It took Liesel and me about an hour to construct the Futon and it is really comfortable. Much nicer than the sofa we’d left behind 😉
We went round to Jenny’s for fish and chips (cheese and onion pie for me). Poor Martha was heart-broken when Mummy and Daddy ‘went out to the shops’. I remember when Jenny was inconsolable whenever her Mum went out too. I know it’s just a phase, but it’s horrible to watch, because there’s nothing really you can do. Except, on this occasion, they took Martha with them and she fell asleep in the car.
Today, Saturday, though, we went round to look after the children again. And again, Mummy and Daddy went out but this time, they couldn’t take Martha. It was lunchtime, and all we could do was try and distract her with Peppa Pig and encourage her to eat her lunch.
Which she did. Hollow legs has Martha: two Babybels, yellow pepper, tomatoes, cucumber, bread, crisps, cake, water melon, ice cream with a Flake. She was, by now a really happy bunny!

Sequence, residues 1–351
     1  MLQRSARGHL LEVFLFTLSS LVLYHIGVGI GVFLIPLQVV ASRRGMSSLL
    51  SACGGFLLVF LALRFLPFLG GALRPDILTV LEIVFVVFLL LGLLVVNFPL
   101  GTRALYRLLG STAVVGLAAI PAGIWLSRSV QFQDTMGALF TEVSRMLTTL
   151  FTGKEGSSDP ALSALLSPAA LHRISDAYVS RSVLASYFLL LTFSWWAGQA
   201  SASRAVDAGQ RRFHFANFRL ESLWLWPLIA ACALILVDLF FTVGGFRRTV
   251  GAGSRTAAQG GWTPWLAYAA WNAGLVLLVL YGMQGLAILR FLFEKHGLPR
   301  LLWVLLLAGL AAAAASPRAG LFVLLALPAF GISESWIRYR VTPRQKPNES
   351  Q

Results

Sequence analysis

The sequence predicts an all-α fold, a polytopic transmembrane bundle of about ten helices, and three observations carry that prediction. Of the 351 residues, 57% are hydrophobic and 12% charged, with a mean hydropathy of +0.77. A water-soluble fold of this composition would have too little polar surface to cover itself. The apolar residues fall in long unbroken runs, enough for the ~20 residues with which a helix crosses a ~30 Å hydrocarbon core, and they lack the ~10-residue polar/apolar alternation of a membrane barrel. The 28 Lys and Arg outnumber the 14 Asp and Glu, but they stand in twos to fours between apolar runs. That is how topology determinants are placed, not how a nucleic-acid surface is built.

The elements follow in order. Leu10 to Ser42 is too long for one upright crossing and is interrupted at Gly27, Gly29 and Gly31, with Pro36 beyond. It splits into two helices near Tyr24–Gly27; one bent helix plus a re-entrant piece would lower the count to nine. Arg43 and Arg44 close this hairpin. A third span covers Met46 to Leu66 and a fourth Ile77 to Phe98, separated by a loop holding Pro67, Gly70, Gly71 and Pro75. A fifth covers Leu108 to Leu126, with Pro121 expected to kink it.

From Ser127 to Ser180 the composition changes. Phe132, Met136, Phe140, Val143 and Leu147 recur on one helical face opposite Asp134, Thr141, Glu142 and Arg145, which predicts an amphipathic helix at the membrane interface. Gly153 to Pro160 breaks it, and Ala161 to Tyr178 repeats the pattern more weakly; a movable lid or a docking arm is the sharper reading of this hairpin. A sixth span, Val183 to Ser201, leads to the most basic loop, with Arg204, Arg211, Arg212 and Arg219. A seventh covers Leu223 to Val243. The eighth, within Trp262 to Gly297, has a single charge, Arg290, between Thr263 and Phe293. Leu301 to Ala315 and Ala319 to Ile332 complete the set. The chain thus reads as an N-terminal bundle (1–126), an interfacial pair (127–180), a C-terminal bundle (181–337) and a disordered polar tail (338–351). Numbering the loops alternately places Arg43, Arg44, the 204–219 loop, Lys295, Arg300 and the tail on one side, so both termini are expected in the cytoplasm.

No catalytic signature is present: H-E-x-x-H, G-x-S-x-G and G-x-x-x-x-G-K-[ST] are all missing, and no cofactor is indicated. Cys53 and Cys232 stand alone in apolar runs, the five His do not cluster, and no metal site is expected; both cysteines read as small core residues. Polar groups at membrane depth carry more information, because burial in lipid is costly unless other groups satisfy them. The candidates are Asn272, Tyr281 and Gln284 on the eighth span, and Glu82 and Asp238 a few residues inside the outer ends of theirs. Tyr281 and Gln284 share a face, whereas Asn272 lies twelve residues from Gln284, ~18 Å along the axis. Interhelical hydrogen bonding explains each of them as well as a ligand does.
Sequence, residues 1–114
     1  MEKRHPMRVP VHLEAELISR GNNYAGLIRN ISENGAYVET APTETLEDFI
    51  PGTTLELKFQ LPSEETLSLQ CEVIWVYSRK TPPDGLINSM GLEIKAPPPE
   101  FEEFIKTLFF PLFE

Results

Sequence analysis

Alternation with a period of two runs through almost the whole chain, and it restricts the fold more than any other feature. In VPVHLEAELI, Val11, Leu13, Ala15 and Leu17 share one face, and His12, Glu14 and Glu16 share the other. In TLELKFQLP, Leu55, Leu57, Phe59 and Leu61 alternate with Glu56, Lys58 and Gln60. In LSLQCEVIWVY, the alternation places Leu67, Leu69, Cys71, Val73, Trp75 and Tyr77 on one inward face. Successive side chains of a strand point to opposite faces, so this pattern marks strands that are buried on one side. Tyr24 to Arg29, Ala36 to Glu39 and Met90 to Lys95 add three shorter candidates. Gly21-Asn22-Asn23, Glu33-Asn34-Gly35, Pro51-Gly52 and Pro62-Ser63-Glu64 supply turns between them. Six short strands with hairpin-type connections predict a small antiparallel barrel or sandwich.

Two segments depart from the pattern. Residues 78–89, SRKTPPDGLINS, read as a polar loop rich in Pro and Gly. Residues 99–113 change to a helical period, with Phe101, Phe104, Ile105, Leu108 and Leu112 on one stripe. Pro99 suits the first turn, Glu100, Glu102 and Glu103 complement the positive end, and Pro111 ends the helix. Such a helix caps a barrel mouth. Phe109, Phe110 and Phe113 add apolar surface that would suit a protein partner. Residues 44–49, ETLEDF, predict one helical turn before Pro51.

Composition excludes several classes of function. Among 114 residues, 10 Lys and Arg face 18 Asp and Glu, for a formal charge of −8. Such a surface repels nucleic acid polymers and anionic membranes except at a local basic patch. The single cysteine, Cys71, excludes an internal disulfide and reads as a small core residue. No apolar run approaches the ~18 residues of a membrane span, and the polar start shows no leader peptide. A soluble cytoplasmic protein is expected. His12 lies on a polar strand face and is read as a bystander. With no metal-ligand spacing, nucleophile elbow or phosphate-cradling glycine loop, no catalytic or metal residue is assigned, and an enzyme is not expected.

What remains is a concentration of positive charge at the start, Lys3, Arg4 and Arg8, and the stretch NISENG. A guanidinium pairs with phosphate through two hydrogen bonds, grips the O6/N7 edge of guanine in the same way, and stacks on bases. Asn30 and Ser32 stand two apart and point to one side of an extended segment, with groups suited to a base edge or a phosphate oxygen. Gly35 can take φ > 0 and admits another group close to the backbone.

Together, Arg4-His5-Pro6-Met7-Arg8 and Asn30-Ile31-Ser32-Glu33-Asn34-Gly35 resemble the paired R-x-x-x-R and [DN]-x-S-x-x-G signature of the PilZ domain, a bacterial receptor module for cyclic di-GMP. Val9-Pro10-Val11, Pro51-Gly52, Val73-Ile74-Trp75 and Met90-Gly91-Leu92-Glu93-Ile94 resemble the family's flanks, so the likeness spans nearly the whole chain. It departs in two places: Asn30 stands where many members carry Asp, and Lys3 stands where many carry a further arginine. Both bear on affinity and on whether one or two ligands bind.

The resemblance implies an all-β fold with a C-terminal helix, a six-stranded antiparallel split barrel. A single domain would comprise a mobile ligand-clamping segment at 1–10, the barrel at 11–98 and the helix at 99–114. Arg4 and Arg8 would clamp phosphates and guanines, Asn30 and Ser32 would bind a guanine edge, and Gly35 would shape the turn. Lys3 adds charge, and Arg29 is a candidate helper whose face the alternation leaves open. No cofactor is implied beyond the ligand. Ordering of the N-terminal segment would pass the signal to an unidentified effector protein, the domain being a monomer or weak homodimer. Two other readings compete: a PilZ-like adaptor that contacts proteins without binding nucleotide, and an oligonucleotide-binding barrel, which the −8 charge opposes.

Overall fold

William’s a wonderfully laid-back little guy. He’s really happy playing by himself but he likes company too. Liesel had her first really dirty nappy changing experience with him! He is so close to crawling, but he just can’t quite get pushing his little legs. He can push himself backwards, rotate on his belly, roll over onto his back and onto his front. But not move forwards, yet!
And fidget. Boy, does he fidget. Always moving, arms twitching, legs kicking. I can hear my old teachers saying to him in the future, “Sit still, William”, “Stop fidgeting, William”, “Have you got ants in your pants, William?”
It’s been a joy to spend time with both of them after being so caught up in our own little house-move for so long. In the garden Martha had a great time in her paddling pool. Even William had a bit of a paddle. Fun and games with water!
After a while, I realised he was in need of a kip, so I carried him back inside and he very quickly fell asleep.